I can’t speak for the psychology vs psychiatry debate, but as for med school in general, I say go for it. I’m like you - I have a strong idea about what I want to do. I figure as a pre-med, it’s okay to have those thoughts, but not to be too rigid about it. Plus, with a little “life experience” under our belts, why wouldn’t we have some firm interests? I just keep it in my head that I could find something that’s even more interesting than I imagined my [secretly desired for specialty] could be.
FWIW, I’ve also heard adcoms prefer someone flexible and open-minded. . .
Welcome to the site. I too am “pre-determined” in a certain speciality, however, I am not too naive in my own personal situation to realize that maybe, once in med. school I could have a change of heart and really find something else that intrigues me just as much as my original desires.
That being said, I am around your age as well. I would humbly suggest that you contact some mental health professionals or even your states psych. hospital and see if you could get some shadowing done.
Do you have any medical experience? Albeit, volunteering, shadowing, EMT or paramedic coursework/i.e., license?
I read that you have a technical degree, if you have not been able to do any shadowing or volunteering I would really strongly suggest trying those ideas, and get into your states mental health system and see it first hand. Of course, these are just my suggestions.
One last thing, when you are able, call one of the medical schools that you are interested in and set up an appointment to meet with an adviser. They tend to be very informative, and in my opinion undergrad “pre-med” advisors are not worth the ink their cards are printed on…Just my honest opinion…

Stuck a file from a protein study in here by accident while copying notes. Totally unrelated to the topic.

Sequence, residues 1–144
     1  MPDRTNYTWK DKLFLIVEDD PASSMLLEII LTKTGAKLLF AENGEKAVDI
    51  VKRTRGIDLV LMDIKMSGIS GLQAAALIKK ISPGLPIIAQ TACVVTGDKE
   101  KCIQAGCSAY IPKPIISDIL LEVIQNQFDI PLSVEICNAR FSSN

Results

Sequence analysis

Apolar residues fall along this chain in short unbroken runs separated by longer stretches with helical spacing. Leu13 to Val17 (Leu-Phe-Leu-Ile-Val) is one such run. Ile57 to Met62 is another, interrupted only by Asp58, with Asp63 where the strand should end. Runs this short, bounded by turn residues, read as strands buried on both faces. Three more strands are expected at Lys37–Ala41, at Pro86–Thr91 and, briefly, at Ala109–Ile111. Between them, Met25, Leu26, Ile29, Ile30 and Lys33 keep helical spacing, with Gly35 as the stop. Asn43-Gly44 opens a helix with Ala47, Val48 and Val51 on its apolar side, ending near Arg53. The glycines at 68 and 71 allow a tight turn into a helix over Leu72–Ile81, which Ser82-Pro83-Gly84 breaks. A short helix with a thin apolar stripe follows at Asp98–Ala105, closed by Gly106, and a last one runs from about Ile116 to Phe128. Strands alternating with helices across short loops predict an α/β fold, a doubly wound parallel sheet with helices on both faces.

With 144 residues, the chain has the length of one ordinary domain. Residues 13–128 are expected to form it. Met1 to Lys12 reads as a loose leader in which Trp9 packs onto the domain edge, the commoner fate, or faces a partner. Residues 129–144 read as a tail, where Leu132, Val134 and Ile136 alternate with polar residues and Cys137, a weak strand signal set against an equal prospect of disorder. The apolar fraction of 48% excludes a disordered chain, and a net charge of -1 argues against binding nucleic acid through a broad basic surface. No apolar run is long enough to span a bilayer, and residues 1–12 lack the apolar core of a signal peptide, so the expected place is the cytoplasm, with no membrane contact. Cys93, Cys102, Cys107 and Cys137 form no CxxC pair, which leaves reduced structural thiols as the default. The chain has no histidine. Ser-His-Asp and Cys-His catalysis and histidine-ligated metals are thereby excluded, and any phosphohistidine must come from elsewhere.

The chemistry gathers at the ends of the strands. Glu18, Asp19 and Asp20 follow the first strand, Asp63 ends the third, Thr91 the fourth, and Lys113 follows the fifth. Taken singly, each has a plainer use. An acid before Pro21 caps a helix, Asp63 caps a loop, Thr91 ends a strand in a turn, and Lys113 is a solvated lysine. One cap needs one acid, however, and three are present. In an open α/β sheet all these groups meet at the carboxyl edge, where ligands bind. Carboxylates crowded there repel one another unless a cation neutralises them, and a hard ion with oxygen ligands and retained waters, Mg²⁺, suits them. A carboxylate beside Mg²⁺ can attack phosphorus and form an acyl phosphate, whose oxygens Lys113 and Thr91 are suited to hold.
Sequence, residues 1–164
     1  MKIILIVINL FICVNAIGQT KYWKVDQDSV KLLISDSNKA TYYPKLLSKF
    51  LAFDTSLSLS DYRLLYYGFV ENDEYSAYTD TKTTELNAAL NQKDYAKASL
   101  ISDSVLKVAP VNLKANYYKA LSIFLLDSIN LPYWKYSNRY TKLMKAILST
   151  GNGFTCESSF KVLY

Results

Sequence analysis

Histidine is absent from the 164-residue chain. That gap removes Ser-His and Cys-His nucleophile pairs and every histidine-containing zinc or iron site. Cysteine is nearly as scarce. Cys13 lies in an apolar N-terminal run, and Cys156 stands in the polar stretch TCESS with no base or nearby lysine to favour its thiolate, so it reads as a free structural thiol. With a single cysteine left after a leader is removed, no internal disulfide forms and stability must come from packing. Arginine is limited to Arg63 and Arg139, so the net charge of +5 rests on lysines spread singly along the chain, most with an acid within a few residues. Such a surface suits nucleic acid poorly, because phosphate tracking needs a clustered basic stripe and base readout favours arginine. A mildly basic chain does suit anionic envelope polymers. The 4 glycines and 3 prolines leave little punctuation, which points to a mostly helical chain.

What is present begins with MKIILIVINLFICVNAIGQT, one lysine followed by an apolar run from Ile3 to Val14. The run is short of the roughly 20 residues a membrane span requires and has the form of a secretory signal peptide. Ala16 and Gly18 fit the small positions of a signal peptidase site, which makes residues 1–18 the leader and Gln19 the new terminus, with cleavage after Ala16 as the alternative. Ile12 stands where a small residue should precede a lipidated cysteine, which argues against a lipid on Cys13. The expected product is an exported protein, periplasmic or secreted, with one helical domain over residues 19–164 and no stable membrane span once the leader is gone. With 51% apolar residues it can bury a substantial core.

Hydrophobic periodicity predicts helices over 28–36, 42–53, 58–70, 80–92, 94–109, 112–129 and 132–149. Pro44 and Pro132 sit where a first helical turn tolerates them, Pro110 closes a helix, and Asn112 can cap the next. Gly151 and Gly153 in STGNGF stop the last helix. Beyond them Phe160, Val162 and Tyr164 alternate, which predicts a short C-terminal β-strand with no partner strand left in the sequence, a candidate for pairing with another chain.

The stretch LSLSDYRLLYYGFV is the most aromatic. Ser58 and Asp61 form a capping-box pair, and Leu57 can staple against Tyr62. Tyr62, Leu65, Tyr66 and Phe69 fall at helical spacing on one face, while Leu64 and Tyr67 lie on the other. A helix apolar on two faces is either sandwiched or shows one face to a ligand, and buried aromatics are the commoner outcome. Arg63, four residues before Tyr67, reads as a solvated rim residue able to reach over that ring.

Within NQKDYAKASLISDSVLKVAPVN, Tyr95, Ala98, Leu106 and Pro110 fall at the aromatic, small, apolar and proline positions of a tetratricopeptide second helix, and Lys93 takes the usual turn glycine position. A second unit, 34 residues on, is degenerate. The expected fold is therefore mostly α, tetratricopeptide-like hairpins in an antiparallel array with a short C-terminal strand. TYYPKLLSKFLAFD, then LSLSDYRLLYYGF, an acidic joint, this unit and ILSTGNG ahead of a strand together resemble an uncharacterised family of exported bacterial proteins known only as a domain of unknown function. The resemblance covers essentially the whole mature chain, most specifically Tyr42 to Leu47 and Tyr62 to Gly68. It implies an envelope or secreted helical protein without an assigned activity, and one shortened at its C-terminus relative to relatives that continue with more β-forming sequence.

Being in your mid twenties before you realized you should have gone to med school does not put you behind the 8 ball. I think the average age of a U.S. medical school admit is about 25. I kick myself for not realizing my potential a lot earlier (Iâ€™d be done by now if I had started in my middle twenties) but it couldnâ€™t have happened any other way for me.
You sound like you have the proper insight and self-awareness to properly assess what you are getting into. I didnâ€™t make the commitment overnight, but in small incremental steps, each time testing myself, investigating, and thinking it through, until some sort of tipping point was reached and it not only seemed realistic but I was certain it was the right path. Sounds like your already half way there.
I donâ€™t know for sure about this, but I wouldnâ€™t worry about struggling through topics in med school that might not apply to your particular interest. Any thinking person has to appreciate how perfectly the body operates. And I think the intensity of med school might overwhelm, or even redirect, any innate interests anyway.
You are in your mid-twenties and by all means, finishing in your 30’s shouldn’t be a problem for you. You’ll find this community full to 20-somethings, 30-somethings, 40 and 50 somethings, who have decided to find their place in the world of medicine. I will be 45 next month and am completing a rigorous post bac (while working full-time). I don’t believe you’re crazy - besides, if you are, you are definitely among friends here! Welcome!